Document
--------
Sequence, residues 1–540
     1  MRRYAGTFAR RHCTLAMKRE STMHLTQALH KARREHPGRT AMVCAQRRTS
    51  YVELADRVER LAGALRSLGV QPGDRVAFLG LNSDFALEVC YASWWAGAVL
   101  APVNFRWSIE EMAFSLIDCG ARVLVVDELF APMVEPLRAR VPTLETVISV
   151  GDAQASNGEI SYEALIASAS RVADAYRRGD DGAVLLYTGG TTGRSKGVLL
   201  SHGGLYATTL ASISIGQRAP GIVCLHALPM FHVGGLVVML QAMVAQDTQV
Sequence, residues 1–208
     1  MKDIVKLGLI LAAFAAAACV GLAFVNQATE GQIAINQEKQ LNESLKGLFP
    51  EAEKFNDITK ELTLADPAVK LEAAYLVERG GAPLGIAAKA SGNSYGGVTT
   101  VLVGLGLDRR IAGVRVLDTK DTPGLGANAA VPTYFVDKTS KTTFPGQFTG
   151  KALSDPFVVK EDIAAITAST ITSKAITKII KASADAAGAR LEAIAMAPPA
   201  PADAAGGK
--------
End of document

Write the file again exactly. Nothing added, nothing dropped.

Sequence, residues 1–540
     1  MRRYAGTFAR RHCTLAMKRE STMHLTQALH KARREHPGRT AMVCAQRRTS
    51  YVELADRVER LAGALRSLGV QPGDRVAFLG LNSDFALEVC YASWWAGAVL
   101  APVNFRWSIE EMAFSLIDCG ARVLVVDELF APMVEPLRAR VPTLETVISV
   151  GDAQASNGEI SYEALIASAS RVADAYRRGD DGAVLLYTGG TTGRSKGVLL
   201  SHGGLYATTL ASISIGQRAP GIVCLHALPM FHVGGLVVML QAMVAQDTQV
Sequence, residues 1–208
     1  MKDIVKLGLI LAAFAAAACV GLAFVNQATE GQIAINQEKQ LNESLKGLFP
    51  EAEKFNDITK ELTLADPAVK LEAAYLVERG GAPLGIAAKA SGNSYGGVTT
   101  VLVGLGLDRR IAGVRVLDTK DTPGLGANAA VPTYFVDKTS KTTFPGQFTG
   151  KALSDPFVVK EDIAAITAST ITSKAITKII KASADAAGAR LEAIAMAPPA
   201  PADAAGGK